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Stroke survivor Phil Hart knows that in the blink of an eye your whole world can change. “Life is different after a stroke,” he says. His mantra: You have to reach into yourpupik, a Yiddish word he uses to refer to his ‘gut’,and find the fortitude to roll with the changes. That is what the retired architect, politician, scholar, and navy manisdoing now to deal with a stroke that tried to take from him what he would not give up: his creativity through drawings and writings, and his gumption to get the use of his hand back. “I like to take on battles. I’ve won many and I’ve lost many,” he says. This one, he intends on winning.
Phil spent his life as a right-handed man, creating dynamic and fascinating designs that were unmatched. The stroke he had in the fall of 2016 left him with a right hand that didn’t function as it did before. That was hard to adjust to, but he did. “The left hand just took over,” he says, and he continued to do what he loves; create. Many of his drawings go with his writing; a collection of thoughts and observations on life. He has more than a thousand “Musings”, as he calls his collection.
While his book was recently published, before that, he shared his writings with a list of about 30 people, affectionately called his Muse-kateers. He draws people, buildings, a camera, and other pertinent items that strike his fancy. He sketches a man in 30 seconds and smiles. “It just happens like that,” he says. Phil’s not worried that it may not be as good as it would be with his right hand. “The best expression I know: Anything worth doing is worth doing badly.” His message: "You can’t immediately be great at everything. You just have to keep trying and you will get better."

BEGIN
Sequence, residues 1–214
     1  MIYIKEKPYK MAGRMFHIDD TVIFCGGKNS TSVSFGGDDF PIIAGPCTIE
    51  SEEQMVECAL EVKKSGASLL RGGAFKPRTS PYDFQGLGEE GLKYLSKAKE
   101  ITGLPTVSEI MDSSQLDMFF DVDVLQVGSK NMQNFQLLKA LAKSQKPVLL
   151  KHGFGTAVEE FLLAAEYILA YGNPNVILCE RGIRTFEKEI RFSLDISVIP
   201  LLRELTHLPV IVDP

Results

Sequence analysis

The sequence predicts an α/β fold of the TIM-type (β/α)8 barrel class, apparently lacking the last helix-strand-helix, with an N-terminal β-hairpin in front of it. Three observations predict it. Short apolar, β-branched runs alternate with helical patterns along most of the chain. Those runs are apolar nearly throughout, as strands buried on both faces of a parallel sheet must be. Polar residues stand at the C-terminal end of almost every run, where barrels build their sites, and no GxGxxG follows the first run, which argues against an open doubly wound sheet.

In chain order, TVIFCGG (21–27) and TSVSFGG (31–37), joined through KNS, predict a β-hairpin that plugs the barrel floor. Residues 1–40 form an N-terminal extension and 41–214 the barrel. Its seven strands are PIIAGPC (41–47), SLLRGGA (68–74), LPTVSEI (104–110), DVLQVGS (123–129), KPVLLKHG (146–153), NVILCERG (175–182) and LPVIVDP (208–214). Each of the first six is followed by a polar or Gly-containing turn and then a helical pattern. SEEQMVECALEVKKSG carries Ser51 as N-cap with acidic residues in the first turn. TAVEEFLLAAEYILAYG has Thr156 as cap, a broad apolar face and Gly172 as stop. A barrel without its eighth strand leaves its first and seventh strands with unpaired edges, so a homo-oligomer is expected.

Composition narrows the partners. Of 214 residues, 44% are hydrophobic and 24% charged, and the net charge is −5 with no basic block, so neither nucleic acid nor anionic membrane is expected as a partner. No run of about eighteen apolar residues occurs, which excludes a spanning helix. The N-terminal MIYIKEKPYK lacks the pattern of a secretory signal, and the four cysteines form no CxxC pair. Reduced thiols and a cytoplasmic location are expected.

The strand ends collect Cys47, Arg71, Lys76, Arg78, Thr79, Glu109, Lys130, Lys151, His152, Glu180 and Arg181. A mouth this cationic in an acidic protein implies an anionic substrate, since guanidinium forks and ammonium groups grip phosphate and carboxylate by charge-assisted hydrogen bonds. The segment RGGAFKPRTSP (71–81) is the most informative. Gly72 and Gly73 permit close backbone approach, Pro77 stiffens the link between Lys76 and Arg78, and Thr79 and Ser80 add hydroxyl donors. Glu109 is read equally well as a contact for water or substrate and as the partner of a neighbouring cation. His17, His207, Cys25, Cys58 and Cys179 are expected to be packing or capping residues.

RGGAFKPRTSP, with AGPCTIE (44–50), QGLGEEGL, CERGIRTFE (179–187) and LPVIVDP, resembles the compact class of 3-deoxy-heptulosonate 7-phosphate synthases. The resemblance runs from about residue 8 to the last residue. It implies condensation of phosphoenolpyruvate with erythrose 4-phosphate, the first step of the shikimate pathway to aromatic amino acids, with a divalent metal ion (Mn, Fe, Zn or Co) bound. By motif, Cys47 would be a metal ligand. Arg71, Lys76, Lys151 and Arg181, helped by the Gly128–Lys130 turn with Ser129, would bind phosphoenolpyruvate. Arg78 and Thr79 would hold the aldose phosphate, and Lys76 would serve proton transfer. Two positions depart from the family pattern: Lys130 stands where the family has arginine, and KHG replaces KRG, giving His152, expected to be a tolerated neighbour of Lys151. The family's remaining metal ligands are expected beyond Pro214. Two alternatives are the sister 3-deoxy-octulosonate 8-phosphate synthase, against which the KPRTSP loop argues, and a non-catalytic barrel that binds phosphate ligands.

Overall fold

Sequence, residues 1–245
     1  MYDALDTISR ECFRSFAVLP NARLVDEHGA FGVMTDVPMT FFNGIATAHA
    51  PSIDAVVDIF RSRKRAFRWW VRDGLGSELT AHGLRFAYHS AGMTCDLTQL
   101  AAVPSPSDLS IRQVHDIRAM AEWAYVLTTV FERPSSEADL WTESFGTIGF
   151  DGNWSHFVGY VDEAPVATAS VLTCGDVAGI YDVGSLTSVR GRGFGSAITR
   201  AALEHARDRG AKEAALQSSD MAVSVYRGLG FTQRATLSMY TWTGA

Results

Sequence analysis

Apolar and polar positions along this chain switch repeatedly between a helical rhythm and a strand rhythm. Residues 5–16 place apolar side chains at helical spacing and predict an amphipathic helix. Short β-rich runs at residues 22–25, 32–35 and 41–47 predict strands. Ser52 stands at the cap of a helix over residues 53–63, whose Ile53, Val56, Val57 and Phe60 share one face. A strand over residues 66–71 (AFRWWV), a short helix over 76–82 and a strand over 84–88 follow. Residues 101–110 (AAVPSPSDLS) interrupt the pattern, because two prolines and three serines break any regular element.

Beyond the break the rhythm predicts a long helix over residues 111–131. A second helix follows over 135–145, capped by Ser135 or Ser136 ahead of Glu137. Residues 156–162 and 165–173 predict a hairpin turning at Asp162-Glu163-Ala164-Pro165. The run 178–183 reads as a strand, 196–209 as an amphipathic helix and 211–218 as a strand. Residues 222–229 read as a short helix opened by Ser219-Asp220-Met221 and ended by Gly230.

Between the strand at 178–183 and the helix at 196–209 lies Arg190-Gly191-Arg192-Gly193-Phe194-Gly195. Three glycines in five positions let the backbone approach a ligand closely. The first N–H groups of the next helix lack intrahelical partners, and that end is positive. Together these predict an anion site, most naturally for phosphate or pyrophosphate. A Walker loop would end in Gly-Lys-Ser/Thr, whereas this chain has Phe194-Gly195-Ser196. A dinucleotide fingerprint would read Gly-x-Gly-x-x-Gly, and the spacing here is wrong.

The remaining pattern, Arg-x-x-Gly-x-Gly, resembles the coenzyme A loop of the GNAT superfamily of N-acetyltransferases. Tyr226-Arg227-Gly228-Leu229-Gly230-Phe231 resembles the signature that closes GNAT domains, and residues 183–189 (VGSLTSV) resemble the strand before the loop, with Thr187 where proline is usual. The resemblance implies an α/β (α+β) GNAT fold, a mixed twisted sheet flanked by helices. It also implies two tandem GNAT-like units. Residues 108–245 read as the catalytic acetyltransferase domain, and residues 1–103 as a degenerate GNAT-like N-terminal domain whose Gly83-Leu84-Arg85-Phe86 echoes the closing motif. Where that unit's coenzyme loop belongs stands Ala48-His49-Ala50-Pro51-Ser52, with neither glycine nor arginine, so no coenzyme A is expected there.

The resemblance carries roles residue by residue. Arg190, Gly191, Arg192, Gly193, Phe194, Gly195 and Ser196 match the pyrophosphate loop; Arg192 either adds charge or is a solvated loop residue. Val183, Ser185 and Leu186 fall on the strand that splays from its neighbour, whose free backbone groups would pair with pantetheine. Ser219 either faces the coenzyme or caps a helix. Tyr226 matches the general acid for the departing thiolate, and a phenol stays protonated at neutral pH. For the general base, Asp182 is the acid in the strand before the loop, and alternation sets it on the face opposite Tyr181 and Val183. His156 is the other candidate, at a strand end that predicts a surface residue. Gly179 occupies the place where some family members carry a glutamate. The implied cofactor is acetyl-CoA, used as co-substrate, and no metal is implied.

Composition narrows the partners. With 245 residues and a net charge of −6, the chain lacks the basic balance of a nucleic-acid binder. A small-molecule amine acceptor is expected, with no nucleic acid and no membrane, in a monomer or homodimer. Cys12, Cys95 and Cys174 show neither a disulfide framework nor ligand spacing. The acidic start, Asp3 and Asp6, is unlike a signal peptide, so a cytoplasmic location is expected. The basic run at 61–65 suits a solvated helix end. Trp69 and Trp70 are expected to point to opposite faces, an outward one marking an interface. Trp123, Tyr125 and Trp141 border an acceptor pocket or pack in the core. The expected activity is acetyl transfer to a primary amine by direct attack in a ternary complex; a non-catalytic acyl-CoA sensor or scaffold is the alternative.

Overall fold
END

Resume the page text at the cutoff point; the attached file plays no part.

Self-portrait: Navy days
At 95, he laments from his Wiggins Place home, he has lived many lives in his years on earth. He is a very sharp man with a list of scholarly achievements too long to mention. He retired in 1988 from his own firm, Philmore J. Hart Architects, a profession he loved since 1956
He’s taking in stride that everything has its challenges. The key, he says, is to keep on doing what you love, work hard to fix what needs to be fixed, and don’t stop using both sides of your brain. When life presents challenges like a stroke, Phil says, “It’s an opportunity to remake yourself the way you would want to be.” Phil is doing just that. Physical and speech therapy at the Peter B. Lewis Aquatic & Therapy Center was his starting-line to the healing and strengthening process, and with Phil’s determination, he’s apt to inspire others to not give up. Phil is proud of his three children, Mitch, who he describes as a BMW "genius", Dvora, a marine scientist and photographer, and Nina, a published creative writer. He has two grandchildren. His wife Adelle, of blessed memory, worked at Menorah Park for 16 years as the assistant to the past CEO Howard Bram, of blessed memory.
Have you suffered a stroke? For more information on physical, occupational or speech therapies, or the LSVT BIG® and LSVT LOUD® programs, please call 216-595-7345.
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